Any documentarian could do a straightforward history of Mexican Gen.-turned-president Plutarco Elias Calles, but when the man’s great-granddaughter, Natalia Almada, decides to examine her controversial ancestor, she personalizes it. That means rejecting biographical research in favor of weaving together charged artifacts: newsreel and old-movie footage, a taped interview with her grandmother (Calles’ daughter) and stolen glimpses of contemporary Mexican culture. Her assembled reflections, tied together through elliptical wisps of narration, offer a meditative portrait less of Calles himself than the amorphous and often contradictory nature of history and memory — an exercise better suited for fests than public exhibition.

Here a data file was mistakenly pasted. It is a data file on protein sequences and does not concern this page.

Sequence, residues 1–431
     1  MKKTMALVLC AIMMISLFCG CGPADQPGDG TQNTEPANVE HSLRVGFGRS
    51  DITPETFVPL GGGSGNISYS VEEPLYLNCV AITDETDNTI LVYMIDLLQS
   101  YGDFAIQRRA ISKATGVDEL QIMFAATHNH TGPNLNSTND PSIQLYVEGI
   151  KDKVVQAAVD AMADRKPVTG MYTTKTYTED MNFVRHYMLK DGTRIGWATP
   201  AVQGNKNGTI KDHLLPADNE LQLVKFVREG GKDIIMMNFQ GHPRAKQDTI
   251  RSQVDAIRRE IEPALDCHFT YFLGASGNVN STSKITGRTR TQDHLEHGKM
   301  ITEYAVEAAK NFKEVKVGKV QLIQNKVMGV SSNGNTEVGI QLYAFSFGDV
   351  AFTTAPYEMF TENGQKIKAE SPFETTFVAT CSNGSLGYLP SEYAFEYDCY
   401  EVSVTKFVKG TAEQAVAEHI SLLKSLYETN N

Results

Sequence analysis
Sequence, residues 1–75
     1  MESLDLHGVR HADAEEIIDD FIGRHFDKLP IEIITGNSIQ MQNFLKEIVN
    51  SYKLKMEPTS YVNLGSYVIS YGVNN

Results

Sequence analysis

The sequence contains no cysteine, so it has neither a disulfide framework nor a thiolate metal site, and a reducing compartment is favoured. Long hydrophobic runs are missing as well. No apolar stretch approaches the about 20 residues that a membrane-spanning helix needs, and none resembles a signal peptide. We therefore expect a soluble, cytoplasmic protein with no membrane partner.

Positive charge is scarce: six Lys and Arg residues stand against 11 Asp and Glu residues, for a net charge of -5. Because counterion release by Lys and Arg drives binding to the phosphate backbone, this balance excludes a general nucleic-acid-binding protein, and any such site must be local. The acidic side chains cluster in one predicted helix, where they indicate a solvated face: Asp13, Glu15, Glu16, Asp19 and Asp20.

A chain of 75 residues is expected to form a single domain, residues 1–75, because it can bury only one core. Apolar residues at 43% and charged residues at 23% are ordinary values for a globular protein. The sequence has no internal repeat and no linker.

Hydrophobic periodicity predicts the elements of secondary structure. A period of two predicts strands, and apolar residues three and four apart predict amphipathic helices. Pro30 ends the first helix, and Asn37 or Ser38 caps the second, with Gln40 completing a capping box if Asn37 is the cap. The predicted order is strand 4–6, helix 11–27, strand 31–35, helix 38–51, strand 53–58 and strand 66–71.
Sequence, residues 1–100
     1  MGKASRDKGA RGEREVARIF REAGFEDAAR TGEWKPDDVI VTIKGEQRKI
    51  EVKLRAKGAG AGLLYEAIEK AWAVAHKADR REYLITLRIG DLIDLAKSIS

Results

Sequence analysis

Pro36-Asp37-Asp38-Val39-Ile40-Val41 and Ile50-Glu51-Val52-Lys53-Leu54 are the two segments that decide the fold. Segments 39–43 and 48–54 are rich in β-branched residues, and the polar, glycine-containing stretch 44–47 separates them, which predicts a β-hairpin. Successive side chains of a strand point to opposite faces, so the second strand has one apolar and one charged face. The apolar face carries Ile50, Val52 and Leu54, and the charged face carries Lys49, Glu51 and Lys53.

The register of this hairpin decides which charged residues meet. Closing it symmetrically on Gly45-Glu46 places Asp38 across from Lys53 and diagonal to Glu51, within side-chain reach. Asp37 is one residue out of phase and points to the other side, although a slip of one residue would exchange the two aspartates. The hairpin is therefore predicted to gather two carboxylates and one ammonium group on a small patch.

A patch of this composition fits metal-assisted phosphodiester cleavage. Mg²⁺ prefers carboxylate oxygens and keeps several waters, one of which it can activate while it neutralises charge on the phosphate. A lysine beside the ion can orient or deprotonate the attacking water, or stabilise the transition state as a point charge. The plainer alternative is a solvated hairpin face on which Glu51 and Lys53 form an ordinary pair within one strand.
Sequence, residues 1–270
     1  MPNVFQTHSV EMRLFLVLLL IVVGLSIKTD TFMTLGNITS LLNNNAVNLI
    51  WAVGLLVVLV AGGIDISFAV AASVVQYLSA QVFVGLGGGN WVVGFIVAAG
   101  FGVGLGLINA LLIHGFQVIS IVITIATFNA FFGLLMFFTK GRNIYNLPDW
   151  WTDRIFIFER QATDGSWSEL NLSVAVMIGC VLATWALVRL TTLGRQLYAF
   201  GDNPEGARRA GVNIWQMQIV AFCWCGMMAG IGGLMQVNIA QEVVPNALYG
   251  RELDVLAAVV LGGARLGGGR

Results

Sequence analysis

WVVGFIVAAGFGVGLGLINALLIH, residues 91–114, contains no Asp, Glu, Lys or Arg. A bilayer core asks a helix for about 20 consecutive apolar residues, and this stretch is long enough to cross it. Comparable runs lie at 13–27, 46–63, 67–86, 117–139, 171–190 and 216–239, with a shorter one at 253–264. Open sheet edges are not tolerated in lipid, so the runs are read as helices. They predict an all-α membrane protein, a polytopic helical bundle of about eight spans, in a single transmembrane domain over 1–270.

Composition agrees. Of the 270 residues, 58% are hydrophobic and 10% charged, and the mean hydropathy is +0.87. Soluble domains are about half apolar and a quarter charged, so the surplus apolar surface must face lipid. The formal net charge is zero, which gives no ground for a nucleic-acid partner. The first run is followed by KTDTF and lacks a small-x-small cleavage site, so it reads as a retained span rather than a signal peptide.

Incubated with the help of the Sundance Institute, “El General” feels deliberately experimental, almost dreamlike in its structure. For non-Mexican auds, Almada’s observations of present-day street vendors will prove most compelling, offering glimpses of “the people” that Calles and his comrades in the Mexican Revolution aimed to liberate, still disempowered several generations on. But few will be surprised the filmmaker’s grandmother’s fond impressions of Calles don’t match the facts (including Calles’ ordered execution of clergy and the pressures he exerted over successors). Somber music and heavy subtitling make pic a tricky sit.